If you’ve suffered a catastrophic injury as a result of the negligence of someone who had a duty of care towards you, you could be considering making a claim for compensation. For the purposes of this article, this kind of injury can be defined as a very severe one that has a serious and negative impact on your quality of life.
Catastrophic injuries could result in a permanent and severe disability that negatively affects how you usually live your life. In some cases, people may die as a result of being catastrophically injured.
Read on to find out more about making a claim for these kinds of injuries. You could also get in touch with our team of advisors for free legal advice relating to your case. They may be able to pass you on to a solicitor from our panel to help you start your claim today.
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Select A Section
- What Is Considered A Catastrophic Injury?
- What Could Cause This Kind Of Injury?
- Are Catastrophic Injuries Different To General Injury Claims?
- How Does The Personal Injury Claim Process Work?
- Examples Of Catastrophic Injury Settlements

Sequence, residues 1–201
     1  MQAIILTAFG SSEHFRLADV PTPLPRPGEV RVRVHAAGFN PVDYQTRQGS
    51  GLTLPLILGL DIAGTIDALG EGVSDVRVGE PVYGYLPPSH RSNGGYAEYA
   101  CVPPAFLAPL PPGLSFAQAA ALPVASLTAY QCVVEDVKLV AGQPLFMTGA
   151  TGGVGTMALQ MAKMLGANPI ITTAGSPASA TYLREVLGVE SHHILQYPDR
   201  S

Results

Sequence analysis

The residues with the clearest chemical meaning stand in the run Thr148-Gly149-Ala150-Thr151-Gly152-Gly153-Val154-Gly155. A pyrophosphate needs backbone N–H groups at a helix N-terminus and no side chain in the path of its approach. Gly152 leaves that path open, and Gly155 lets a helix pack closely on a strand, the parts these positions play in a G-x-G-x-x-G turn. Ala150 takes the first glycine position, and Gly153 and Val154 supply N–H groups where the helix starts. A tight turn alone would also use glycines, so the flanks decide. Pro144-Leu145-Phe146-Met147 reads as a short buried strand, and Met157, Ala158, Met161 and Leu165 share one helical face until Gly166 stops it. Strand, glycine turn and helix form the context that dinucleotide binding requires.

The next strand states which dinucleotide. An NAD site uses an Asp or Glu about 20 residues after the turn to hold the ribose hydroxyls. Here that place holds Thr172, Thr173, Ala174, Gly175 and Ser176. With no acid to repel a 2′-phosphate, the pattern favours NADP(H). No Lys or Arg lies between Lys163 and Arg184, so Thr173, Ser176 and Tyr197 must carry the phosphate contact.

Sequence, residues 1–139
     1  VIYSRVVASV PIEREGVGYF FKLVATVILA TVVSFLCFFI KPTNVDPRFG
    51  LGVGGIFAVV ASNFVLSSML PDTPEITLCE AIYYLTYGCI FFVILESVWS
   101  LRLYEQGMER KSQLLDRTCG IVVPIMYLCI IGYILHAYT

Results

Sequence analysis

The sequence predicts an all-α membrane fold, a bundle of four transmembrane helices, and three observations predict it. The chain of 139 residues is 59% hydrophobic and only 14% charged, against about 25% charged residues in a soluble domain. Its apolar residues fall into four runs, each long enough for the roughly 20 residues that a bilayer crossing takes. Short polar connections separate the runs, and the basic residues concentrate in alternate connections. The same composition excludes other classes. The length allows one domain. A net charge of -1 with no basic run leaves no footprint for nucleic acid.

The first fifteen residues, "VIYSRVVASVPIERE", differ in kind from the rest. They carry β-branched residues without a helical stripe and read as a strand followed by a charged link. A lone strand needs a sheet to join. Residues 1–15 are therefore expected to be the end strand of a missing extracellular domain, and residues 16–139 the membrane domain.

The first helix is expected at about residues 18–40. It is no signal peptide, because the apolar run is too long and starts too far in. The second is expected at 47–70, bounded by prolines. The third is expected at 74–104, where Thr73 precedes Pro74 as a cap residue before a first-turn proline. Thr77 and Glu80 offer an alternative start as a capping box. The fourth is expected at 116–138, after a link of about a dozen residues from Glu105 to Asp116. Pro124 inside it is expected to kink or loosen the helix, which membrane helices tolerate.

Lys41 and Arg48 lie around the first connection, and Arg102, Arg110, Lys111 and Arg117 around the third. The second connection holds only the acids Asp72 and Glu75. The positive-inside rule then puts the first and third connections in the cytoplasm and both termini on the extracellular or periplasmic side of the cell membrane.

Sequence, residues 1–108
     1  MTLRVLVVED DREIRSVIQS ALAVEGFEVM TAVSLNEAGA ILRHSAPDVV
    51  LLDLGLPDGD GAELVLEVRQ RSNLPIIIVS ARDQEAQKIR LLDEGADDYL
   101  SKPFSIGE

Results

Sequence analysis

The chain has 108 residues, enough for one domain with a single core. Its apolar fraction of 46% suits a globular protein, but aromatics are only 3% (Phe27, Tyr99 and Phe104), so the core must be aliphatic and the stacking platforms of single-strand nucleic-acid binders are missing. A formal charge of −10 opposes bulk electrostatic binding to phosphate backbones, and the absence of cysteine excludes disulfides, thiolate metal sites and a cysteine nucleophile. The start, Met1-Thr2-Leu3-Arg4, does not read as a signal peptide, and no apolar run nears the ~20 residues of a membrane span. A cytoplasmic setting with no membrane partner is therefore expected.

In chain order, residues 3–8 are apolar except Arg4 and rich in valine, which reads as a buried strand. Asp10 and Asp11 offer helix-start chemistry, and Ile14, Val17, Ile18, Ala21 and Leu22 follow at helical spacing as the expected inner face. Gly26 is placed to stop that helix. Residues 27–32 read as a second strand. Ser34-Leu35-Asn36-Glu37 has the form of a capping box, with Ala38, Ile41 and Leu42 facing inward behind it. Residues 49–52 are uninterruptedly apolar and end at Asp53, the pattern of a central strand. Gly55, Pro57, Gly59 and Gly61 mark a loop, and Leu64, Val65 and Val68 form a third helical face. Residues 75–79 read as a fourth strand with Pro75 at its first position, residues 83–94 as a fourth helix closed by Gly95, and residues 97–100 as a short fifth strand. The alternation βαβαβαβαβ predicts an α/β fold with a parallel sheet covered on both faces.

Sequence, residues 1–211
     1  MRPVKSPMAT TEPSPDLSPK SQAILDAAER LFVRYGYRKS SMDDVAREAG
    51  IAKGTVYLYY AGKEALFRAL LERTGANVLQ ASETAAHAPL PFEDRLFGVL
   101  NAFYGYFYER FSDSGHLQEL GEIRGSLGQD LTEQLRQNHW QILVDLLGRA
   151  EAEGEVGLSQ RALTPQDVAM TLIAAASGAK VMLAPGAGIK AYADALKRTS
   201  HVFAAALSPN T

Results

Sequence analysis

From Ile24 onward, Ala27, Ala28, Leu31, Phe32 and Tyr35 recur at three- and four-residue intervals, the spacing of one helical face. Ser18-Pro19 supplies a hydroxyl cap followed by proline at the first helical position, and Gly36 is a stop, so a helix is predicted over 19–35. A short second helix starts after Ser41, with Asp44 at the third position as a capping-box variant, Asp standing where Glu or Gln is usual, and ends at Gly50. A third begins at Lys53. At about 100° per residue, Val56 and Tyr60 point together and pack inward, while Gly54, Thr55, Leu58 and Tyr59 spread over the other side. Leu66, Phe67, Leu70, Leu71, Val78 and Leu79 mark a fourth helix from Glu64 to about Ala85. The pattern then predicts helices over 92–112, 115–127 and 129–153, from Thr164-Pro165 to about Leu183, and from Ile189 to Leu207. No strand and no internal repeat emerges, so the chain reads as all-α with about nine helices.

- No Win No Fee Catastrophic Injury Claims
A catastrophic injury could be any injury that is severe enough to have a permanent effect on someone’s life. For example, this could include an injury that has resulted in a permanent disability of some kind.
Catastrophic injuries can be physical or cognitive. Compensation can be awarded for both kinds of injuries. In order to claim, however, you need to show that you sustained these injuries as a result of a third party not upholding a duty of care.
Types Of Catastrophic Injury
Examples of injuries that could be catastrophic include:
- A scald injury or burn injury that results in facial scarring.
- Loss of sight or hearing that necessitates independence aids
- Amputation, either traumatic or surgical
- Traumatic brain damage
- Spinal cord injuries that may lead to paraplegia
- Serious injuries to children
- Injuries that have resulted in death
You could claim for multiple injuries if your accident has caused you to experience more than one of the above. For example, you could experience a traumatic limb amputation and a loss of sight in a workplace accident.
However, this section is not exhaustive. There could be other injury types that could be catastrophic. To find out more, call our team of advisors today.